I wanted to share a few links this morning to highlight some organizations that seem to be doing a good job of “bridging the gap” so to speak, between cultures. I think John Henry Newman’s mission to bring faith and reason together is something that is well represented in each of these organizations.
The first organization, Crossroads Cultural Center, has many events here in Washington, D.C. each year and I think they do an excellent job of responding to the question, “If there were a Catholic culture alive and well today, what would it look like?”
The Crossroads Cultural Center website is here:
Here is a snippet about the mission of Crossroads from an article beautifully titled, “A Festival of Faith and Reason”:
The main activity of Crossroads is the organization and promotion of public events on any topic that fascinates us. This was true at the beginning and it is still true today. It is a very important point for us: we choose our topics and speakers because of the way we’re struck by reality, not based on an ideology or a pre-determined agenda. When we started Crossroads, we had no intention of focusing on a predetermined subset of issues, people or ideas that fall under the “Catholic” label. On the contrary, for us, being a Catholic cultural center means precisely the opposite, that is, to be interested in everything, in the entire spectrum of reality. It means to have the ability – or at least the desire – to encounter people from all walks of life, and to look for and give value to everything that is true, good and worthy in various expressions of human life.
This main event of the “festival” is held annually in New York. It is called the New York Encounter:
To the question of culture, Crossroads sees it like this:
Culture is a systematic and critical awareness of reality; it is the free development of our human need and capacity for knowing and interpreting everything in reality. Knowledge is a primary need of every person and not something that belongs to the experts. Culture is an activity proper to every person, because nobody can live without constantly developing and communicating to others a certain awareness of reality. Human curiosity is stirred by wonder – you walk out your door and things are there; life is given, a new and unexpected event that awakens the desire to know its meaning. This focus on reality as event (and not on ideas) determines the style, method, and priority of our cultural work.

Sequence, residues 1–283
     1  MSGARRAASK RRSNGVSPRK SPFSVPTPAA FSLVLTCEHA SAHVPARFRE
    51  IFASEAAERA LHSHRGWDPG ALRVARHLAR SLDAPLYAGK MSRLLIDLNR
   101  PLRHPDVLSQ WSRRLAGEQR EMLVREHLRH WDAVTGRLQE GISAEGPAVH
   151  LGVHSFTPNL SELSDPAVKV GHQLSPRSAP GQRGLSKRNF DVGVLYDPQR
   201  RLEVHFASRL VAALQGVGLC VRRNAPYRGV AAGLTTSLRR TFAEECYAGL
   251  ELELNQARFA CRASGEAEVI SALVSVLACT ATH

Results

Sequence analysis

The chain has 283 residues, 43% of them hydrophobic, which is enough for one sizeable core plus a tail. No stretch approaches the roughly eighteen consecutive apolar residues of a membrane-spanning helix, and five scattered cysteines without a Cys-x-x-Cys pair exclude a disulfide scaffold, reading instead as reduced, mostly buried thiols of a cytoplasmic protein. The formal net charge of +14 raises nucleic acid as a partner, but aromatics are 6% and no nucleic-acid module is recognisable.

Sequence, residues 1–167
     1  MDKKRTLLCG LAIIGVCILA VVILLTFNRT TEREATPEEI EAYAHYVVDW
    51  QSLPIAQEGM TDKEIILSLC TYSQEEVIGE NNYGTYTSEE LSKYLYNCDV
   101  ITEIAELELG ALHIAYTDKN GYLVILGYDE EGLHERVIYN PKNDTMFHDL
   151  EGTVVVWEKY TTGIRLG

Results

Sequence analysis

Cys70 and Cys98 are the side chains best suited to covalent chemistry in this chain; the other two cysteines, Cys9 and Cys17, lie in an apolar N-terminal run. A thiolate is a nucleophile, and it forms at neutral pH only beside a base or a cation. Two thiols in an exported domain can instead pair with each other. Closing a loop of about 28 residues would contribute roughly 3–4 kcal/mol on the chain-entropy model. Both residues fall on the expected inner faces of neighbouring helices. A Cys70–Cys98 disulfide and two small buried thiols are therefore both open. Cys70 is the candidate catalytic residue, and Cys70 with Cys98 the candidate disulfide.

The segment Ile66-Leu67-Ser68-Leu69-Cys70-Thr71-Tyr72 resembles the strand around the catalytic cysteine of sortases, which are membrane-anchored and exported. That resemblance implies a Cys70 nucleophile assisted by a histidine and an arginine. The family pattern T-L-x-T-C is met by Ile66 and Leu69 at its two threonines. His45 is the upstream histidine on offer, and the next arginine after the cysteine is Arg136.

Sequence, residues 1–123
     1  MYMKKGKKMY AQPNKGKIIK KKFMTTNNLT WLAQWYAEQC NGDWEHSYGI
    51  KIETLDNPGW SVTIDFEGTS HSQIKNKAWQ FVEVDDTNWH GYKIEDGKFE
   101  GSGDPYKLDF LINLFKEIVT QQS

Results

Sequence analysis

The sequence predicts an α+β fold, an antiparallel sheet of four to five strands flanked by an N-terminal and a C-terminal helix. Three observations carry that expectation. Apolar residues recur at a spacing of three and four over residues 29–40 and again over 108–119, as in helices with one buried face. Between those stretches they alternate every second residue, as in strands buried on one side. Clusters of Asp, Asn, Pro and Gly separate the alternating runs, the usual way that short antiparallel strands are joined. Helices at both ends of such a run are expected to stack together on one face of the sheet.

This festival is based on the much larger festival heldin Rimini, Italy each year which attracts over 800,000 people. It is the world’s largest cultural event, which bills itself as “a place where Christian faith cries aloud to all the world its passion for the human intrinisic in it.”
Here is an article about how this festival came about and what it is all about:
The topics at this festival are as wide-ranging as humanity itself. Topics include “The Church,” “Politics,” “Economics,” “Science,” “Performing Arts,” and more. Speakers and appearances at this event have included very high profile Catholics including Pope John Paul II, Archbishops from all over the world, prominent theologians like Hans von Balthasar, and even Mother Teresa of Calcutta. But there is enough there for everyone, so much so that the event attracts Buddhists, scientists, artists, and just about every range of personality under the human umbrella.
The range of topics at both of these festivals is remarkable and is reflective of the “radical openness” to all of reality expressed by the charism of CL (Communion and Liberation) which was founded by Fr. Luigi Giussani in Italy:
Lastly, in terms of bridging the gap between the culture of science and the culture of faith, the Templeton Foundation does interesting work and this Saturday there is a seminar at the Washington Theological Union in DC – I think it is part three – from the Atom + Eve series, which is partly funded by the Templeton Foundation.
I attended the first in this series, which was very good. It began with a presentation from Dr. Stephen Barr, who is a prominent physicist, and Catholic. The Vatican awarded him a papal medal in 2007 for service to the Church
Physicist receives papal medal:
“At the time I wrote Modern Physics and Ancient Faith, there did not seem to be a book addressing the links, rather than the conflicts, between science and religion. I wrote the book for myself, actually my younger self when I was about 16, and wished there were a book like it,” Barr said.
In his book, Barr writes, “the conflict is not between religion and science, it is between religion and materialism,” whose basic tenet is that “nothing exists except matter and that everything in the world must therefore be the result of the strict mathematical laws of physics and blind chance.”
His talk from the atompluseve conference on the origins of the universe is up on the website:
So all of this is encouraging. Faith and reason are alive and well in the world and I am optimistic and hopeful.